The Levator Scapulae ( The muscle on the side of your neck from your under the jaw to your shoulder blades).
The Rhomboids (Those are right below your neck. They function as upper inner back muscles).
The Rectus Abdominis (the by many desired abs),
The Obliques ( those are the side abs)
You may notice that deadlifts engage a lot of core, back and leg muscles. Those muscles all contribute to your strength so it would be no mistake to incoperate this exercise.
Isolation exercises involve single muscle groups or sometimes a few. Like chest workouts often involve the triceps and the shoulders.
Most people believe full body workouts will make you stronger. The reason is that you will train every single muscle. Even those muscles you target with your split routine. As most people only split their major muscles. But that’s only part of the reason.
Another argument that speaks for compound movements are the higher stress levels. So if you Squat or Deadlift with heavy loads your neural pain is higher. your nervous system will more likely adapt to the high amount of pain over time. So, as a result, your pain tolerance should be higher.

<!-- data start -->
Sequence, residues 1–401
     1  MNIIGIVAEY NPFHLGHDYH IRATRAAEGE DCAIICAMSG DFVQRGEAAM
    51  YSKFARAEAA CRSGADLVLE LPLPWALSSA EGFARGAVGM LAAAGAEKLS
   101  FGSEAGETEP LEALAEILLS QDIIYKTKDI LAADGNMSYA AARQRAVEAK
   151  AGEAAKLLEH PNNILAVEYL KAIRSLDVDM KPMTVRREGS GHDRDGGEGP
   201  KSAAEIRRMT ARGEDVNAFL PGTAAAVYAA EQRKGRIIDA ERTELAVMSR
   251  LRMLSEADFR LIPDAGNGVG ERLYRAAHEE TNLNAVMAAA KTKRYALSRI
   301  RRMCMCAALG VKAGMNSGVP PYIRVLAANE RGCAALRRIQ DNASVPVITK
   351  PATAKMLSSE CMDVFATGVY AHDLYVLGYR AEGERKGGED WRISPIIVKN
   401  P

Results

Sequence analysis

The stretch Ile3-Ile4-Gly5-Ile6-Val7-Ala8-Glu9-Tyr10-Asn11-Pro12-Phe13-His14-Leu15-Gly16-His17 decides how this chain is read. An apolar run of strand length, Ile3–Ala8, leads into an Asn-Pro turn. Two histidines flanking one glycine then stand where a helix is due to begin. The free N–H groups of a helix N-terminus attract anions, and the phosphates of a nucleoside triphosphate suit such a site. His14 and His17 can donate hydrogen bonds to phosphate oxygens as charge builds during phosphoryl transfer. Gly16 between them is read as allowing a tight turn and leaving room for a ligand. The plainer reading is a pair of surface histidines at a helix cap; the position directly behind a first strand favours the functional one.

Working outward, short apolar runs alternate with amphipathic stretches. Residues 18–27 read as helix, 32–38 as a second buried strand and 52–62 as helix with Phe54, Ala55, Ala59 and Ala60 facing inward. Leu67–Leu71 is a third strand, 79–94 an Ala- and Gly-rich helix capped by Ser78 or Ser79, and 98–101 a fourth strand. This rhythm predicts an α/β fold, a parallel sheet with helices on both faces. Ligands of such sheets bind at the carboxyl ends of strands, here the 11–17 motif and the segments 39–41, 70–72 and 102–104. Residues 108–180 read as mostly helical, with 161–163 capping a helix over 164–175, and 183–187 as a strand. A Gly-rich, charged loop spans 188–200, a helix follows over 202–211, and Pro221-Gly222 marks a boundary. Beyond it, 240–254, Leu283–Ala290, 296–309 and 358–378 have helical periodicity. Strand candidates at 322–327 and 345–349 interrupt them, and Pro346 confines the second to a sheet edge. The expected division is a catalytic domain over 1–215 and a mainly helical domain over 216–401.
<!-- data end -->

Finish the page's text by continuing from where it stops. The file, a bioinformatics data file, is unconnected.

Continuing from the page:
3 Huge factors you should consider
Above we mentioned and explained the different splits. Also, we wrote about Compound movements. Therefore we recommended you going 3 times per week to the gym, not more. How often you go is one of the 2 important factors. The two factors are the volume and the frequency factor. Frequency is a pretty dependable factor. Most individuals hit the gym 2-5 times a week. Somebody that hits the gym 5 times a week has a higher frequency then somebody that this the gym twice a week. But that doesn´t mean that the person with lower frequency also trains with lower volume.
If we talk about volume I like to measure it in a week. So in our example lets say person one hits the gym 5 times a week with a 4 split. Second Person hits the gym with a frequency of 2 times per week. First Person doing 4 split is hitting every muscle once a week and some two times a week. Person 2 doing full body workouts will hit every muscle group 2 times a week.
Also, person two has most likely a higher workload on all his exercises which results in a higher volume. The volume is the most important factor for strength progression. Which results in muscle development. But be aware of a high volume you are most likely going to overreach faster and hit a plateau. Important to consider would be to do a deload to give your muscles some rest and then come back stronger.